> confusion?
> 
> If implemented, I wouldn't enable any pid/uid/whatever namespace translation
> by default.

Well as I said, my strace binary is in the host namespace, so I expect data it prints to be related to the host namespace. This lets me then use that PID with other tools also running from that same shell session in the host namespace. There's no indication that the PID it prints is from the child namespace, so that is confusing as is and not helpeful when trying to correlate with data seen from other debugging tools in that host session.

If I were running strace binary inside the child namespace, then i'd expect data it prints to be related to this child namespace, so it matches data from other tools run in that child namespace.

Comment 5 Eugene Syromiatnikov 2017-08-06 19:37:53 UTC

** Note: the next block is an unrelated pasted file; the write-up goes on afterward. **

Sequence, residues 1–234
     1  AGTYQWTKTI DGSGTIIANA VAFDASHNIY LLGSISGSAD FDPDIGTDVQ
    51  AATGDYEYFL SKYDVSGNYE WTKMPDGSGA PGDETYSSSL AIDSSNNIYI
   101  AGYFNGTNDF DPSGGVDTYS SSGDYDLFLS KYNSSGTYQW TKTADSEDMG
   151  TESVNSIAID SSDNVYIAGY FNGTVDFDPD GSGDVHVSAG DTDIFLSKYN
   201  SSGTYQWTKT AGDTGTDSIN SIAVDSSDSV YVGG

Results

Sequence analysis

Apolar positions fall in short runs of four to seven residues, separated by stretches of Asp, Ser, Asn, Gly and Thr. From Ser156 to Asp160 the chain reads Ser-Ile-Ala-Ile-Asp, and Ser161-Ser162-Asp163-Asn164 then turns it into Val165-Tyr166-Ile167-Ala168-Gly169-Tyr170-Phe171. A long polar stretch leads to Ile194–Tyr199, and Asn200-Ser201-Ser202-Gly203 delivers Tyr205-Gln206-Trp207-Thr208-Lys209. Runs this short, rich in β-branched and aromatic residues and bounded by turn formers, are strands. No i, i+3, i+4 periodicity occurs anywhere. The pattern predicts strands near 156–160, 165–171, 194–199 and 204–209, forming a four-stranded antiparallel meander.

(In reply to Daniel Berrange from comment #4)
> Well as I said, my strace binary is in the host namespace, so I expect data
> it prints to be related to the host namespace. This lets me then use that
> PID with other tools also running from that same shell session in the host
> namespace. There's no indication that the PID it prints is from the child
> namespace, so that is confusing as is and not helpeful when trying to
> correlate with data seen from other debugging tools in that host session.
> 
> If I were running strace binary inside the child namespace, then i'd expect
> data it prints to be related to this child namespace, so it matches data
> from other tools run in that child namespace.

Should the same apply for other kinds of namespaces (user, chroot)?

Do you have an idea how to retrieve such information? As I understood, one should construct the hierarchy of PID namespaces (using the technique similar to described in [1]) in order to interpret the values in /proc/pid/status, and then scan all /proc/pid/status files (assuming that it is mounted by a process with the same PID namespace as strace has) in order to find the required PID in the required PID NS, is that correct? And this information can't be cached, as it may change between calls, right?

[1] http://blog.man7.org/2016/12/introspecting-namespace-relationships.html